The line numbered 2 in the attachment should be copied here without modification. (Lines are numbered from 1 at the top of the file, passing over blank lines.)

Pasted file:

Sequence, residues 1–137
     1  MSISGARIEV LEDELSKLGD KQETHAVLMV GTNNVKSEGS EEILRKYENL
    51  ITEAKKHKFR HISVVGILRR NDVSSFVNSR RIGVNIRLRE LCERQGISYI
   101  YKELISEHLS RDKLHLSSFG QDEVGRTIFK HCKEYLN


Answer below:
     1  MSISGARIEV LEDELSKLGD KQETHAVLMV GTNNVKSEGS EEILRKYENL